to be capable of being hurt

Jasmine329

Member
Korean
"I think that’s what it means to be “real” as a parent or a teacher – to be vulnerable, to be capable of being hurt. The only way to avoid the pain of vulnerability is by shutting out all emotion and becoming cold, uncaring, heartless and selfish. To love is to be vulnerable – and vulnerability is a precious quality of the best parents and of the best teachers."


Above is a quote from headmaster's newsletter. My colleague and I were translating the newsletter into our native language, and over the phrase"to be capable of being hurt" we had a stark disagreement.


I did not consider the possibility of “being able to” at all, given two definitions of “capable” – i) having capacity or ability, and ii) predisposed to/susceptible to.


I took the second definition to translate it. But my colleague wanted to go with the first definition, claiming that it shouldn't be viewed as a passive attitude.


The problem is, my language does not have that expression “be able to be hurt” except a kind of perverted use, say in literature. So what we actually did is that we treated the phrase “capable of being hurt” as if it had been “be able to endure, or handle hurt”.


I already submitted our translation. I just let my colleague make a final choice because she was virtually a reviewer (She spent most of her school years in an English-speaking environment).


But I have been in agony all weekend. I am afraid that I changed the original text to a different style of writing.


So I just want to ask which definition English speakers would first use for the word "capable" here before thinking about the meaning more deeply.


Any comments would be highly appreciated, but please hurry up! Maybe adjustment would be allowed within about 12 hours from now.


*************************
If you need more context, in a story the headmaster quoted, a rabbit toy just wants to be real without knowing what it would mean. But the rabbit only knows once it becomes real, it won't mind pains from being real much, even though being real sometimes involves pains. The Velveteen Rabbit by Margery Williams.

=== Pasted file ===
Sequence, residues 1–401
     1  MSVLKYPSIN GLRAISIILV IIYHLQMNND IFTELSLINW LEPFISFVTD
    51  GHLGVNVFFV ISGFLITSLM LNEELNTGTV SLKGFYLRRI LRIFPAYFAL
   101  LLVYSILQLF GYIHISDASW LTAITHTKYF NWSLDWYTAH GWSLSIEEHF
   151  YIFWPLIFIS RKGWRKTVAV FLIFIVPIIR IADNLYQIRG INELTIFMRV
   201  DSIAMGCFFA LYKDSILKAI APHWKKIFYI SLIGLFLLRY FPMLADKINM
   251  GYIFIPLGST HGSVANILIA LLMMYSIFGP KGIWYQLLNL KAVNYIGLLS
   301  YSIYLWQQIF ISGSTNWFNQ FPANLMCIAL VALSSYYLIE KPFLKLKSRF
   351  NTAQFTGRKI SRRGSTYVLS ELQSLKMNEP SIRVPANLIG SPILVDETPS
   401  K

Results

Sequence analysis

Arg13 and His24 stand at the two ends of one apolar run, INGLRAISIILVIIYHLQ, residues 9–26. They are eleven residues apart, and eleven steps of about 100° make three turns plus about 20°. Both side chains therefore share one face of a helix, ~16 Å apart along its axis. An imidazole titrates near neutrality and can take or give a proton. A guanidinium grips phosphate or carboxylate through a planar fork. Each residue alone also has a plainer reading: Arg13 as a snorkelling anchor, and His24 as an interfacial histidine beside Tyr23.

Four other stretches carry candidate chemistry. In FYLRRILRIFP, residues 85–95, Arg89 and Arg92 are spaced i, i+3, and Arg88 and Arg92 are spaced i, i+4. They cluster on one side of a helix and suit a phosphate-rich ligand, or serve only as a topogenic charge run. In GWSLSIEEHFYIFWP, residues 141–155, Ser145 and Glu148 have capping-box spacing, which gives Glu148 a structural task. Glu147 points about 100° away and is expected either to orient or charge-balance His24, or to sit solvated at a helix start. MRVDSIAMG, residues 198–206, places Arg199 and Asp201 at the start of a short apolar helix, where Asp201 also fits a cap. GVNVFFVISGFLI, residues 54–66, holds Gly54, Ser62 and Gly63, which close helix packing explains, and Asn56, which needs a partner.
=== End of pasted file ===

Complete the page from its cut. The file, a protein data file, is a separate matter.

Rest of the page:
• owlman5

    Senior Member
    English-US
    Hi, Jasmine.

    The second definition makes sense to me: ii) predisposed to/susceptible to. The headmaster isn't boasting about some talent that teachers have developed. He's referring to their natural vulnerability. He thinks that vulnerability is a good thing because it indicates that they haven't become cold and uncaring.
     

    Florentia52

    Modwoman in the attic
    English - United States
    Welcome to the forum, Jasmine329!

    The phrase could be reworded (in my opinion) as "to be someone who can be hurt" or "to be able to be hurt." I don't think it means either "to be predisposed to being hurt" or "to be able to endure or handle hurt." It is not much different from the first phrase, "to be vulnerable."

    [Cross-posted with owlman5]
     

    PaulQ

    Banned
    UK
    English - England
    Hello Jasmine329, welcome to WRF.
    If we conjugate the verb to be, the phrase parents or teachers are capable of being hurt should be understood as "They can be be hurt." or "It is possible to hurt them." In your context, because not all teachers and parents are hurt, thus the first definition is the better one: i) having capacity or ability, i.e. to possess a capacity or ability that is able to be activated.
     

    theartichoke

    Senior Member
    English - Canada
    I agree with Florentia. Being capable of being hurt simply means that you aren't so cold and uncaring (or arrogant, I suppose) as to be invulnerable to how others treat you or think about you. Being predisposed or susceptible to being hurt, as I see it, means that you are easily hurt: things that wouldn't hurt most people will hurt you, and you are probably considered "overly sensitive." Obviously, that's not what one wants in a teacher.:)